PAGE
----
Meat turkeys

Discussion in 'Turkeys' started by Gerbil, Jun 28, 2010.

  1. Gerbil

    Gerbil Oh, Crazy!

    Jun 24, 2010
    I have decided to start my own meat turkey flock. I need to know which breed to get, I have had bourbon red and blue slate before, but I am looking for something slightly smaller and easier to process.



    Thanks, Gerbil [​IMG]
     
    Last edited: Oct 25, 2010
  2. Turkeyrangler

    Turkeyrangler Chillin' With My Peeps

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    May 9, 2010
    By Lake Superior
    Quote:You might want to try midget whites or Eastern Wilds then for something smaller. Eastern Wilds top out at about 20-22 pounds for toms and 12-15 for hens if I remember right. Midgets White will be slightly less than that.
     
    Last edited: Jun 28, 2010
  3. Gerbil

    Gerbil Oh, Crazy!

    Jun 24, 2010
    OK, I am somewhat familiar with midget whites, but what are eastern wilds?


    Thanks, Gerbil [​IMG]
     
    Last edited: Oct 25, 2010
  4. Turkeyrangler

    Turkeyrangler Chillin' With My Peeps

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    May 9, 2010
    By Lake Superior
    They are basically from wild eastern turkey stock. A domesticated version. but not wild birds genetically. Strombergs and few others carry them.
     
  5. slc

    slc Chillin' With My Peeps

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    Sep 10, 2008
    Upper Michigan
    Beltsville White are a small turkey actually created and used for commercial turkey in the 50s. They are rare and hard to find. Commercial hatcheries do not have beltsville, they are Midget Whites incorrectly called beltsville. S & S poultry has the real thing I believe, there are also two others who regularly sell eggs that I know of. Check for lineage to Ames, Altertsen, or Ontario which are the three last known original lines of true beltsville. You need the real deal if you want the body type closer to a miniature of the current broad breasted meat breeds. I currently have eggs in the bator from all of the three remaining lines known to still exist. I have them for a homestead meat source, smaller and suitable for a "chicken dinner" style meal. Also easier to process than the huge commercial meat chickens. A bonus, they reproduce naturally unlike BBB,BBW so you can keep breeding stock rather than ordering new chicks each time.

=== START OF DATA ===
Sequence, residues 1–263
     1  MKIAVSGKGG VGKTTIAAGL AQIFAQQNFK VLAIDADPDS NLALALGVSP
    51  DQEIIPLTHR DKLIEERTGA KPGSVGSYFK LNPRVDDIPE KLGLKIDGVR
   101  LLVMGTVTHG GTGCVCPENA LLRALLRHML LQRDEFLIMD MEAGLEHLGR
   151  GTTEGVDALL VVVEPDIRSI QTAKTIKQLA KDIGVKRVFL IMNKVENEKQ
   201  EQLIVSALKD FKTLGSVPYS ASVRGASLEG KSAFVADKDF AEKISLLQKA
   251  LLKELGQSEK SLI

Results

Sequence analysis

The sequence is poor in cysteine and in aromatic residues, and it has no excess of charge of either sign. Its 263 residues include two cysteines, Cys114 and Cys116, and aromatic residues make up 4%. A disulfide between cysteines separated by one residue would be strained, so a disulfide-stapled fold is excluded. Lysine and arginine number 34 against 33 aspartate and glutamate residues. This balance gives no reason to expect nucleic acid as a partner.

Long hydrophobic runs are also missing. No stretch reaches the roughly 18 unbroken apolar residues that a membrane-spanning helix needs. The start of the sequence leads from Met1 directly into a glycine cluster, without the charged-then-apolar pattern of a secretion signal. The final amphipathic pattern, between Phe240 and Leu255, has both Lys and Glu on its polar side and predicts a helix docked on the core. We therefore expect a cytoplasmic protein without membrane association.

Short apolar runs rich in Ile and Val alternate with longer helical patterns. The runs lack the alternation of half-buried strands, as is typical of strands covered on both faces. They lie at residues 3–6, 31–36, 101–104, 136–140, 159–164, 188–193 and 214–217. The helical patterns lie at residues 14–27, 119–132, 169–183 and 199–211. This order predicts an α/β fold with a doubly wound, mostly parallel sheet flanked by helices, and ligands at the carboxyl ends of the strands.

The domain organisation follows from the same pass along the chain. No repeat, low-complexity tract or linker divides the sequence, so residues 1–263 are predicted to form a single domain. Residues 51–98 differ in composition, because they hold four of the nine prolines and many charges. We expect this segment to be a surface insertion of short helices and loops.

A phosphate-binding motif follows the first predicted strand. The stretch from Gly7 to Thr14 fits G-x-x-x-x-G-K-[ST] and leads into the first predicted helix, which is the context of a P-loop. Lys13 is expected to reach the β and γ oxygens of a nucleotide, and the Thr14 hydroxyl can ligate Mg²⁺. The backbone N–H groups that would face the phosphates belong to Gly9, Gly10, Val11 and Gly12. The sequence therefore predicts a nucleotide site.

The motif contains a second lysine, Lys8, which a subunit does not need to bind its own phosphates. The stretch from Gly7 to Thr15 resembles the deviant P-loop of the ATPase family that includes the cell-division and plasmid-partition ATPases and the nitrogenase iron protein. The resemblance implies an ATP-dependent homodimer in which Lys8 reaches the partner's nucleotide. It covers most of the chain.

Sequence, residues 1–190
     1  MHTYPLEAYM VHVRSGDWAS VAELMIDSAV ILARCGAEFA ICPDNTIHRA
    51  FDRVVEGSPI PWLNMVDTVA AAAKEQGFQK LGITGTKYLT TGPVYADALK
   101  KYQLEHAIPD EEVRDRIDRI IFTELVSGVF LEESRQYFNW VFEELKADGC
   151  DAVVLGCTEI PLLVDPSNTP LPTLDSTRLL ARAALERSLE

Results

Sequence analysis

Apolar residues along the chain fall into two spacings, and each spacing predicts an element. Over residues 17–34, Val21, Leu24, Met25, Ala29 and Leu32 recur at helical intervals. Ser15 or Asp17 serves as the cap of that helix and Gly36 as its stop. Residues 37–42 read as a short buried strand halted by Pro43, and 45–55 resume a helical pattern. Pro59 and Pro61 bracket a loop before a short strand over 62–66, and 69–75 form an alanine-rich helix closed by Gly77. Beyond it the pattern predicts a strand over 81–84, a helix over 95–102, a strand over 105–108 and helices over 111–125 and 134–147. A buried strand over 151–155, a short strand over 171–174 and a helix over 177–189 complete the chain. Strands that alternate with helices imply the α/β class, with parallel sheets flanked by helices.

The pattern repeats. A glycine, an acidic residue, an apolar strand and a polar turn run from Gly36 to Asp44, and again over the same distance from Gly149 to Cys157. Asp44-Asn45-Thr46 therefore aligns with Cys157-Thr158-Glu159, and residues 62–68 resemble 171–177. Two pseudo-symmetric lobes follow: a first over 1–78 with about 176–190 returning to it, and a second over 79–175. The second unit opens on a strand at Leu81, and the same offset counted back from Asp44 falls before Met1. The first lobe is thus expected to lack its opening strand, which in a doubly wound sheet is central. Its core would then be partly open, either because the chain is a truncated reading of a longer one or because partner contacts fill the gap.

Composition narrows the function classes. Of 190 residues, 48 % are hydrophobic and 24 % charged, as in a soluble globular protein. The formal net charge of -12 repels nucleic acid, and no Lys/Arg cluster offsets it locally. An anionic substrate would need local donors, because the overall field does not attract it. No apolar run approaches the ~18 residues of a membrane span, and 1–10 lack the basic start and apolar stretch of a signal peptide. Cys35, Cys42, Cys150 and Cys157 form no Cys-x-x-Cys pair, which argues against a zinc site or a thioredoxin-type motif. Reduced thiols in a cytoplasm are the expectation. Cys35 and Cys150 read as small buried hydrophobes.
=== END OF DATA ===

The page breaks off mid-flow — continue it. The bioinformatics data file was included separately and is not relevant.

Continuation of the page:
6. Lagerdogger

    Lagerdogger Chillin' With My Peeps

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    Jun 30, 2010
    Aitkin, MN
    Royal Palms are pretty easy to find and are a little smaller than the bourbon reds. I don't have the numbers in front of me, but I seem to remember than adult hens are often only 10-12 pounds and toms are generally less than 20. These birds will have thinner breasts than Beltsvilles. It sounds like you want the Beltsvilles if you can get them. I was sent a misidentified midget white poult this spring, and it is a very light bird.
     
  7. Lotsapaints

    Lotsapaints Chillin' With My Peeps

    Mar 17, 2010
    Paso Robles, CA
    I have a bunch of MW's they are not that big but I like a 10 to 12 lb turkey I also have BR's and RP's and Auburns my fav is the BR...I thought about those Beltsville's going to stick with what I have and if I don't like any of them then I'll try because I'm not into huge birds
     
  8. longranger

    longranger Chillin' With My Peeps

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    Apr 23, 2009
    laguna hills CA
    IMHO if you have a nice group of MWs their is no reason to consider the BSW and probably visa versa. Also only the toms of most heritage varieties get big enough to be "holiday only" size. Almost all the heritage hens stay the size of a MW tom or smaller. Also you can harvest extra toms a few weeks early to limit size, not to mention feed bills. That being said I have way too many varieties right now just because they are so beautiful. Some of the culling this year is going to be particularly painful. Too many favorites.
     

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